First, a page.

Every (good) salesperson realizes that there is a sales cycle that must be been through to get the sale, no matter the size of the sale. Here are seven steps to follow during the sales process to help ensure a highly effective sale.
Prepare - you, like a salesperson, should always get ready for the day, for the customers, and for the sale. For some salespeople, preparation may entail comprehending the products, pricing, and inventory that's available either from the company or perhaps in the location. For other people, preparation may entail getting in the right mindset to satisfy with customers, obtaining competitors information, and setting new appointments. Regardless, preparation is important to ensuring a smooth sales cycle.
Engage the Customer - if you're face-to-face with the customer, then engaging eye-to-eye contact, using appropriate body gestures, and keeping the client focused on the topic at hand is essential to engaging the customer within the sale. If you are selling a service or product over the phone, you have to capture the customer's attention with the way you talk (i.e. tone of voice, how fast / slow you speak, etc.) and the customer must be thinking about the merchandise or service to stay attentive.
Establish a Relationship - everyone purchases from family and friends. The greater the client feels like they're a 'friend', the much more likely he or she will purchase the service or product. My motto in sales has always been "Everyone is really a VIP". I treat every customer that comes in just like a family member or friend. I don't sell them something which I know they won't like or want, and I don't push services or products in it when it's obvious they aren't interested. Now, if I can gain their attention and interest, i quickly have a chance to sell more what to them.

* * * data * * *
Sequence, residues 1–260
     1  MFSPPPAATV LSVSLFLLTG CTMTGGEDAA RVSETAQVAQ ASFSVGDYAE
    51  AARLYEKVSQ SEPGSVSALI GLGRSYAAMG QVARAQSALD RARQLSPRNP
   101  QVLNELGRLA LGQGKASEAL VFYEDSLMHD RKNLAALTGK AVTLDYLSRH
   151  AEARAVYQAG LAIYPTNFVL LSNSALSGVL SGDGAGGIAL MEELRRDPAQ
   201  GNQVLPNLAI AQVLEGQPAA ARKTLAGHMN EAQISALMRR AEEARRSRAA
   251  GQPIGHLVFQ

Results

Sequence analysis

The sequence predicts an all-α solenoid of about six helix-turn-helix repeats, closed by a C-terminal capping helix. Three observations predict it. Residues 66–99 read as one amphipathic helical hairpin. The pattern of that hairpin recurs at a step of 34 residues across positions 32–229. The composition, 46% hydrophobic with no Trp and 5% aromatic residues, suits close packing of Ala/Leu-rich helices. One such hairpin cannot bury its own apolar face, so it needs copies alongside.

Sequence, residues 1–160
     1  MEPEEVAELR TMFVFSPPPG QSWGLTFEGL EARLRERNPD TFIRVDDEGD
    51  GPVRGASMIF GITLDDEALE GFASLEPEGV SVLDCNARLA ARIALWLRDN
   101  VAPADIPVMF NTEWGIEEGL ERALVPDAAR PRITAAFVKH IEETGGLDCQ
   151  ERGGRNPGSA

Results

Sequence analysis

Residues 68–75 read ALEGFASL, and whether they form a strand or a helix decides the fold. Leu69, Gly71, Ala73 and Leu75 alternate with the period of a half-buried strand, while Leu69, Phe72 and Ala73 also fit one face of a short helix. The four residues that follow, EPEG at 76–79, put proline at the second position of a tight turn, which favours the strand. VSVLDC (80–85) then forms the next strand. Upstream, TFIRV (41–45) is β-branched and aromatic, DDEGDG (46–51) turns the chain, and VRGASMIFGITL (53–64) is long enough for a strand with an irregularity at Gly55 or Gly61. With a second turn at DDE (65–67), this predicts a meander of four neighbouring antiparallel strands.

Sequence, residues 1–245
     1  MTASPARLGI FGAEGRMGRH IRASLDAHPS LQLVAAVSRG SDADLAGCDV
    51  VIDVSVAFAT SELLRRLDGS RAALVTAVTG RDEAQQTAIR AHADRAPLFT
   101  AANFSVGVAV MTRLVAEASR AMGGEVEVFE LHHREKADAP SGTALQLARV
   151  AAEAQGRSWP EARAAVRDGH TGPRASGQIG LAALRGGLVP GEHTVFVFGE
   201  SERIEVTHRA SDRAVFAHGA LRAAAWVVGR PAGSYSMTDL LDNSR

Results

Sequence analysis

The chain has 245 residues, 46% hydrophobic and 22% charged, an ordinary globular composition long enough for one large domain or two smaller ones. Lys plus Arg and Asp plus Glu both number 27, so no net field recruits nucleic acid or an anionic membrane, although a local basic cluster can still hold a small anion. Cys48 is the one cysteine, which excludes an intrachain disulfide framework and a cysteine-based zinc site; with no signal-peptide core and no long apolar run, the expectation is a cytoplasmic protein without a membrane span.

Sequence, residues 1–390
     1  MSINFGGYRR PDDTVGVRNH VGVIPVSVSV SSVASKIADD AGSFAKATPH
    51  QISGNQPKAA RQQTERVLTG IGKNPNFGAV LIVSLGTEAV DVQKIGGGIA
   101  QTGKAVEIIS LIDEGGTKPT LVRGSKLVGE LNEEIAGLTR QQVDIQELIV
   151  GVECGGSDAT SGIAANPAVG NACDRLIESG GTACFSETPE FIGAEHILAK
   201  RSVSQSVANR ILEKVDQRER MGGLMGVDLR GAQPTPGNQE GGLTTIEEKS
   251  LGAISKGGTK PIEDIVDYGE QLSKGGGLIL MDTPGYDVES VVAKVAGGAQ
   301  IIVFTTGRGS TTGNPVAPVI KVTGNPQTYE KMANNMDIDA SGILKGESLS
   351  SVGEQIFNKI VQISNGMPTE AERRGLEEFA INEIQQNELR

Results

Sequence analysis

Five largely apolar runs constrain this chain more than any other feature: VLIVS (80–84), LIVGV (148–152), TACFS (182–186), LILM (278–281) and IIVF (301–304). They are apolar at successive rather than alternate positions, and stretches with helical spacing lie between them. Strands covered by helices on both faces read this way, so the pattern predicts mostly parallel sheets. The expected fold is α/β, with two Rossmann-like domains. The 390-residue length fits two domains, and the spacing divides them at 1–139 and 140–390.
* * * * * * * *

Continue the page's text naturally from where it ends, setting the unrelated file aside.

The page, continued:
Qualifying Questions - I have always promoted "Qualify your customer" - meaning that you should ask specific questions concerning the products / services you are supplying ensure that is what the client needs or wants. For instance, if the customer is purchasing a mobile phone and seriously doesn't use email, apps, or social networks (generally found in senior generations), then I am not going to sell that customer a smartphone. Instead, I will sell him or her a fundamental phone which i know he or she is going to be happier with.
Pitch the merchandise / Service - after you have asked the qualifying questions and gained an awareness from the wants and needs from the customer, it's your use pitch your products or services towards the customer. The pitch mustn't sound like it is memorized, it must be personalized, also it should be in line with exactly what the customer has already said. If these musts aren't followed, then you will lose the sale. Getting started with something like "Based on which you've told me" or "It sounds like you could benefit from XYZ product / service" can make the all the difference in keeping your visitors attention. When they see that you've really listened to them they will relax a little more and extremely consider your recommendations. I also recommend offering a few alternatives to what you're looking to get the customer to purchase. This can provide them with the choice and make them feel more in control of the sales process.
Overcoming Objections - in any industry as well as in any type of sale you will ultimately run into a minumum of one customer that has objections to your product / service. Most objections can be overcome by explaining the merchandise in greater detail (without confusing the client), offering other alternatives, and showing the client the worth within the product or service. Make sure that you know as much as you are able to about the product or service so that you can answer the customers questions on the spot without having to return to her or him with an answer. Sometimes you need to do this, but when this happens your odds of closing the sale are reduced.
Close the Sale - this is the difficult part for a lot of salespeople. This definitely takes practice (if you aren't an all natural). Finding your best closing techniques may take a while, but keep trying. There are a couple that I make use of the most:
The Assumptive Close - this is when I 'assume' that they're likely to purchase. Generally, I just ask how they want to pay, or I only say "come on to my office / desk and we'll obtain the paperwork started for you".
The Alternate Choice Close - when i discussed earlier, giving your customer alternate options can in the sales process, but it can also help within the closing of the sale process. Typically, I would say something similar to "So, should we keep with [product / service], or [second product / service]". Once they've chosen which option that like best then you've closed the sale.